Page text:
5 Star rating
Five Stars

It’s been a long time since I was so hooked into a book as I have been with School’s out Forever, I really haven’t been able to put it down and read through all three novels and the extra material in little time at all (over the course of 3 evenings). I can honestly say that the end of the book is very emotional, I’d defy anyone not to be moved and although the ending was somewhat inevitable it still shocked; I couldn’t have imagined a more powerful finale. There is also a rather brilliant introduction by the editor David Moore and I agree with everything he says.
School’s Out Forever is one of the most memorable, most impressively written pieces of fiction I have ever had the fortune to read, simply inspired.

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The Fireman by Joe Hill

The firemanJoe Hill is one of those authors who improves with each new book and The Fireman is nothing short of spectacular.

A highly contagious spore has begun to spread across the World, a pandemic that see’s people break out in beautiful gold and black marks before spontaneously self-combusting. Draco Incendia Trychophyton, more commonly known as Dragonscale infects millions in a short space of time with blazes breaking out everywhere. No one is safe; there is no antidote and seemingly no cure.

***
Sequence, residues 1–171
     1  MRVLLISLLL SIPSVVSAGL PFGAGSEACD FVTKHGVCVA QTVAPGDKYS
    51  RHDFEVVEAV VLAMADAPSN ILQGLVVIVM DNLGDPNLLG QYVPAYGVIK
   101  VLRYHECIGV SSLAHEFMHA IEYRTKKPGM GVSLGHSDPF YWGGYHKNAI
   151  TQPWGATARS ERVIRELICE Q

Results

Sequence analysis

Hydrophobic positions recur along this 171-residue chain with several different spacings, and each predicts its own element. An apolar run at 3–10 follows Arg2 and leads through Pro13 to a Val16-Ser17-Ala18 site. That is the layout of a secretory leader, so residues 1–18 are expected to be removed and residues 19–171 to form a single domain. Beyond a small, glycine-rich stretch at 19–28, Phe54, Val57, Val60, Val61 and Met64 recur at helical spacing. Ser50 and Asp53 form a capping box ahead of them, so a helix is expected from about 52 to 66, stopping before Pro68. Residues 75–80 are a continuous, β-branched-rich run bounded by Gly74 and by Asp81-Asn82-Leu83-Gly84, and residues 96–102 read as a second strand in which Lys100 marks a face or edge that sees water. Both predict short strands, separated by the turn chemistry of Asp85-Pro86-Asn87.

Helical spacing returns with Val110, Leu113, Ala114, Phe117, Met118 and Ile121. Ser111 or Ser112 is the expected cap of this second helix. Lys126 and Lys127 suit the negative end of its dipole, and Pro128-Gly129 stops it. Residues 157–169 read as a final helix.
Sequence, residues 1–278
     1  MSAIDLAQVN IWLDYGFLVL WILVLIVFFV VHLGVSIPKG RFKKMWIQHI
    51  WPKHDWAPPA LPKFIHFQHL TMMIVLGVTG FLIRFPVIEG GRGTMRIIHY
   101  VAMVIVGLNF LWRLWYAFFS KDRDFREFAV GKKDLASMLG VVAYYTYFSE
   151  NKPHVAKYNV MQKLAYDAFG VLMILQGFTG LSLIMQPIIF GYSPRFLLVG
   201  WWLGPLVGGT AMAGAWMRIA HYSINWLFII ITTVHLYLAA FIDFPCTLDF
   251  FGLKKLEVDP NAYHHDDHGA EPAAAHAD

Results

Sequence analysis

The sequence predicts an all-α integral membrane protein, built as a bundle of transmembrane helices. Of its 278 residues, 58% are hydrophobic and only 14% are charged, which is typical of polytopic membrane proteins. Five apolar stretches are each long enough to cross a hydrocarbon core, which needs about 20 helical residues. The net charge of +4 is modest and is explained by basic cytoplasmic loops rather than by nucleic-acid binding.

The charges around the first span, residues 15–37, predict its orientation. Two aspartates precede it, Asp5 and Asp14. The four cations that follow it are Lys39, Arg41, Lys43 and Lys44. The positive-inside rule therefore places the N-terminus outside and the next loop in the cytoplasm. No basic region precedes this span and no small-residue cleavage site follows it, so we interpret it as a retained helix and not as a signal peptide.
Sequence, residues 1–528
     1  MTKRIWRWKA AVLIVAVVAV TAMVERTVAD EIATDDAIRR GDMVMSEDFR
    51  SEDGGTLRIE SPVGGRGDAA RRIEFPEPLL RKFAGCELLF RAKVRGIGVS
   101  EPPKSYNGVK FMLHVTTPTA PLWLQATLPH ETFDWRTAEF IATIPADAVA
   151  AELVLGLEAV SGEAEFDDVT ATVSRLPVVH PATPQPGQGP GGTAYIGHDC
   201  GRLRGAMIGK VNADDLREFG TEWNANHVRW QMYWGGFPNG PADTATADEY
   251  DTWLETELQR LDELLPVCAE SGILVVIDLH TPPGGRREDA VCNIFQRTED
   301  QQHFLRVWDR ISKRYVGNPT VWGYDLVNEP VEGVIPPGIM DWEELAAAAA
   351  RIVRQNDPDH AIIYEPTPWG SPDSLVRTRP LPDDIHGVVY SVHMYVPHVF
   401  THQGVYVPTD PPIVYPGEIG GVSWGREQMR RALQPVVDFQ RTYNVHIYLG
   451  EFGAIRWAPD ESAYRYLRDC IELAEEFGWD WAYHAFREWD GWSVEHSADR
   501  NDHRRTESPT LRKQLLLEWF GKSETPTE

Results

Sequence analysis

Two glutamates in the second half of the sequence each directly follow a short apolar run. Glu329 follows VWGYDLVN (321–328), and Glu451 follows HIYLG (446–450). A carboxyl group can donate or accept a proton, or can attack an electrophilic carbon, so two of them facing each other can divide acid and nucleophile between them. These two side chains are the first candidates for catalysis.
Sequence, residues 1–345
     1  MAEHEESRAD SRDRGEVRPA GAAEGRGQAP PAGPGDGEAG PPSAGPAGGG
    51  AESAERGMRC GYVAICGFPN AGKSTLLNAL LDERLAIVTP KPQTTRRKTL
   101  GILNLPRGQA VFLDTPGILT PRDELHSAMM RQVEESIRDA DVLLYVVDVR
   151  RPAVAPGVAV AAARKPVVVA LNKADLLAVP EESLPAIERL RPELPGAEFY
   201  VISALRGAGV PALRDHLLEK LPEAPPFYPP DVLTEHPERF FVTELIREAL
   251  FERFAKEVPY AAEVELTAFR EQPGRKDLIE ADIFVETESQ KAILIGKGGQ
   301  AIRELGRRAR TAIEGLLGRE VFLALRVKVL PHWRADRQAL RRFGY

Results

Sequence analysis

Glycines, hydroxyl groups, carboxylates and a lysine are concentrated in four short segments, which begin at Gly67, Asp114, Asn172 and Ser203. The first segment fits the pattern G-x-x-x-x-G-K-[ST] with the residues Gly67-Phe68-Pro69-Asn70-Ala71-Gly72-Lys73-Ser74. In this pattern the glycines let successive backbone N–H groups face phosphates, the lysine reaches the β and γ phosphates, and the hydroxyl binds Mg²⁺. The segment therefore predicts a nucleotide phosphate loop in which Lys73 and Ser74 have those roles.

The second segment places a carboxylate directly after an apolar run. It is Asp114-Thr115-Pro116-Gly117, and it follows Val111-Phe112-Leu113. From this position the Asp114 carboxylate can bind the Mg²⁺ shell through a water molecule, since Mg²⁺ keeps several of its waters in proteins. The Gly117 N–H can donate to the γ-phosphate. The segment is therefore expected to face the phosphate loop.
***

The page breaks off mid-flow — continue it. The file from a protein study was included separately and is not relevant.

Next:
School nurse Harper Grayson see’s the virus first-hand when someone combusts right outside her window in the school yard. She begins working at the local hospital however before too long she finds out that not only is she pregnant but also she’s infected. She’s also just met the Fireman. Harpers greatest threat however comes not from the infection but from those who are not infected and will do anything they can to remain that way. Society becomes split into those who are (Burners) and those who are not (yet) infected.

The Fireman has already been picked up by Fox to be turned into a blockbuster film and I can see why, it’s as infectious as Dragonscale. I was hooked by the time I’d finished the first chapter. The characters are interesting with realistic imperfections and foibles while also making reasonable decisions about the situations they find themselves in. This is a book that takes its role seriously and yet lifts itself above the morbid atmosphere of many post-apocalyptic tales with a wry humor and a stoicism of human spirit. Some people react badly as we would expect them to but they don’t quite descend into the depths of eating each other (though a few come close to acts as bad). There is however the ever impending sense of doom and a wonderfully dark atmosphere.